The last stand for the moderate Democrats
Last weekend, left-wing activists and mainstream media outlets lavished attention on an event in New York City at which the most left-leaning freshman member of Congress (Alexandria Ocasio-Cortez) endorsed the campaign of the most left-leaning candidate currently running for president (Vermont Sen. Bernie Sanders). But the bigger story in Democratic Party politics over the past week may well be the surge in support for South Bend, Indiana, Mayor Pete Buttigieg in the wake of a strong performance at the Westerville, Ohio, debate on Tuesday night.
Democrats are in the midst of a far-reaching argument about the party's future, and specifically about how to go about trying to unseat President Trump in 2020. On one side is former Vice President Joe Biden — verbally challenged, prone to awkward gaffes, but heir to all the good feelings of the Obama era and unapologetically promising a restoration of the party's center-left establishment. On the other side stands Sanders and Sen. Elizabeth Warren (Mass.), left-wing populists who promise to tear up the playbook used by the party since 1992 in favor of ambitious new programs costing many trillions of dollars.
Aside from a brief moment a couple of weeks ago when a handful of polls showed Warren in the lead, Biden has been solidly ahead since he jumped into the race last spring. But when support for the populists is combined, the left currently pulls in around 38 percent, a full 9 points higher than the more moderate alternative.
That would seem to indicate that the democratic socialists hold the edge and are being deprived of the polling lead only because they're splitting the left's support. But the combined tally for Biden, Warren, and Sanders adds up to just 68 percent. That leaves more than 30 percentage points up for grabs, either attached to low-achieving candidates or undecided — which means we have no idea which way the party will go.
Until recently, looking to other candidates hasn't been very helpful. On a smaller scale, the second-tier dynamic has somewhat resembled what took place during the GOP primaries of 2012, when a series of alternatives to the frontrunner (Mitt Romney) surged and then collapsed: Michele Bachmann, Rick Perry, Herman Cain, Newt Gingrich, and Rick Santorum.
In the current Democratic race, former Texas Rep. Beto O'Rourke started out with a relatively strong 7-9 percent showing before dropping to the low single digits and contenting himself with impotent expressions of Peak Wokeness. California Sen. Kamala Harris has surged twice, briefly reaching the mid-teens this past July after she attacked Biden on race in a late June debate, but has subsequently faded.
And then there's Mayor Pete. He came out of nowhere last February and by May he was polling as high as 8 percent. Then he receded somewhat, staying higher than the dozen or so candidates barely scraping by with 2 percent or less but never really challenging the top 3.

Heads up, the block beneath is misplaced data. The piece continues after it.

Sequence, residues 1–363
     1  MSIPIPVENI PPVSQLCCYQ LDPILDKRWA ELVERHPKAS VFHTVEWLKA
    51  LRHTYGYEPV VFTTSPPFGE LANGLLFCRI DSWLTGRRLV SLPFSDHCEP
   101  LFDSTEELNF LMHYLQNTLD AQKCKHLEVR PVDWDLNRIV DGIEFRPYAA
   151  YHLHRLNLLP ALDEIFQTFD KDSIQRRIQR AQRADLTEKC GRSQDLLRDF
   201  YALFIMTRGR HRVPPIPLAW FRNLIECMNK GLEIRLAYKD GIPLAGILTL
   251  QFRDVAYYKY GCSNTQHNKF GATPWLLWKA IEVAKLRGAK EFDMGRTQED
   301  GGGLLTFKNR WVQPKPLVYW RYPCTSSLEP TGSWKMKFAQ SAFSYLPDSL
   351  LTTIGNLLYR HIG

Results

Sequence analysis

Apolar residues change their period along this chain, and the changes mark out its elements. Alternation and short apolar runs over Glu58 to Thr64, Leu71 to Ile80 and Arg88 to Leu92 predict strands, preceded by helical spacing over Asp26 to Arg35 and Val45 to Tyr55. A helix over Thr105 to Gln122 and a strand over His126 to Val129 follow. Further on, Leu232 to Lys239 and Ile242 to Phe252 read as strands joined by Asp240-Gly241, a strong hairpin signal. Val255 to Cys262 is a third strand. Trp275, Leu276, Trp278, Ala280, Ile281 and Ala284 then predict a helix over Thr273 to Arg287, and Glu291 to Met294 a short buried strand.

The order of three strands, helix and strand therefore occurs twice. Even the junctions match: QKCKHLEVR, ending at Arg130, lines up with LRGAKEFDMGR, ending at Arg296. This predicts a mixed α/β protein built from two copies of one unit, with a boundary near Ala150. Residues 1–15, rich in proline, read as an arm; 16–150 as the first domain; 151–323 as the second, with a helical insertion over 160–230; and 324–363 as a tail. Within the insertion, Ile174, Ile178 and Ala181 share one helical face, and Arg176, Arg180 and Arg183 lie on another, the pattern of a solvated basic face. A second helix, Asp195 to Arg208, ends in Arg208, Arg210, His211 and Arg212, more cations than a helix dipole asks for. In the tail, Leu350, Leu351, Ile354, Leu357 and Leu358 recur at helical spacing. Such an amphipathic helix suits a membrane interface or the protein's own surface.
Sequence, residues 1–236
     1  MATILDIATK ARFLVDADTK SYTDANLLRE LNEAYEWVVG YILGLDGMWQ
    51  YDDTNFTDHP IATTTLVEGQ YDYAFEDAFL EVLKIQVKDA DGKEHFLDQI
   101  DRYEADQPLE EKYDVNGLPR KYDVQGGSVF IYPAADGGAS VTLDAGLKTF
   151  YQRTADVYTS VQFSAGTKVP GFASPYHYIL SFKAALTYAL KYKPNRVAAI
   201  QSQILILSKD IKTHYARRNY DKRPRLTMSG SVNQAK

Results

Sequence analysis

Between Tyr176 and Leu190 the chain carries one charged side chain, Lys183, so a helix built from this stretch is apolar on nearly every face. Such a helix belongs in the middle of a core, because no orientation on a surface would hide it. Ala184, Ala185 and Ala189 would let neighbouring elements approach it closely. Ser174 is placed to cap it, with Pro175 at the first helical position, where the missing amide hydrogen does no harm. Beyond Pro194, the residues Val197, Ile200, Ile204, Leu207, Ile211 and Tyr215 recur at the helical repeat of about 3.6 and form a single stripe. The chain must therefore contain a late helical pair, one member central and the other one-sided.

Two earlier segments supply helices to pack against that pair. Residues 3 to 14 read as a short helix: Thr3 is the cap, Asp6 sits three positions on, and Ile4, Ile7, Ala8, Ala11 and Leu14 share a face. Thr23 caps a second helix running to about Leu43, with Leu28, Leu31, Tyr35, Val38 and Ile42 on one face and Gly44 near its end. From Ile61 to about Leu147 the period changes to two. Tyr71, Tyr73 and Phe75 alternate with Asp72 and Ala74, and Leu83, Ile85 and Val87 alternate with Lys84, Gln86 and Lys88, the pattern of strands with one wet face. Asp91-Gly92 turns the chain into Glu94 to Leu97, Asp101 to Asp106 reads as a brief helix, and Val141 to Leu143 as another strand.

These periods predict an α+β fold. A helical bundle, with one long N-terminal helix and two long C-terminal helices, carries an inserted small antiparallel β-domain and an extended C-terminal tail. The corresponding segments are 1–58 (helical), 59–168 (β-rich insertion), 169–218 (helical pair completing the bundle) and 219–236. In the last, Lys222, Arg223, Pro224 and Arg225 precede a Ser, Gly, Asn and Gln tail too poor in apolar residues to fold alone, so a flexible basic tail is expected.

At least until now.
A USA Today/Suffolk poll of Iowa taken in the days since last week's debate contains a lot of intriguing findings. For one thing, it shows that since July, Harris has fallen to 3 percent, a 13-point collapse. It also shows a less drastic but still significant drop of 6 points (to 18 percent) for Biden, who leads the state over Warren (who has gone up by 4 points over the past three months) by just 1 point.
And then there's Buttigieg, who has surged 7 points up to 13 percent and third place. That's 4 points ahead of Sanders, who remains stalled at 9 percent.
If this poll had appeared in isolation, it would make sense to treat it as an outlier. But it follows a debate where Buttigieg, like Minnesota Sen. Amy Klobuchar, made a strong play for the center — pushing back hard on O'Rourke's advocacy of gun confiscation, demanding more information from Warren and Sanders on their plans for Medicare-for-all, and speaking out passionately against Trump's withdrawal of troops from eastern Syria (while making sure that audiences learned that he's a former Naval intelligence officer who served in Afghanistan). It was a breakout moment for Buttigieg, and one that appears to be paying electoral dividends in the state that holds the first caucuses next February.
Will Buttigieg be able to build on this bit of momentum as he moves toward the next debate (scheduled to take place on Nov. 20 in Georgia)? There's no way to know yet. But one additional finding from this latest Iowa poll contains additional ground for him (and others) to hope: Even with well over a dozen candidates still in the race, a grand total of 29 percent of respondents claim to be undecided. That this number has risen by 8 points since July, as potential voters have learned more about the available options, is a sign that significant numbers of Democrats are dissatisfied with their options.
That's where Buttigieg has his biggest opening. With Warren and Sanders contending for dominance of the left lane in the race, Buttigieg is now very well positioned to become the center-left's alternative to Biden. That could portend a four-way race among two left-populists and two centrist Democrats going into the primaries.
It would be the last stand for the moderate Democrats — a final effort to prevent the party from being commandeered by the left before heading off to battle against Trump in the general election. A Buttigieg surge would be an indication that the party's moderates are neither ready to fall in behind Biden nor prepared to accept the inevitability of Sanders' “political revolution” or Warren's laundry list of big government projects.
And that means it would also be a powerful sign that, heading into their contest to deny President Trump a second term, the Democrats are deeply divided.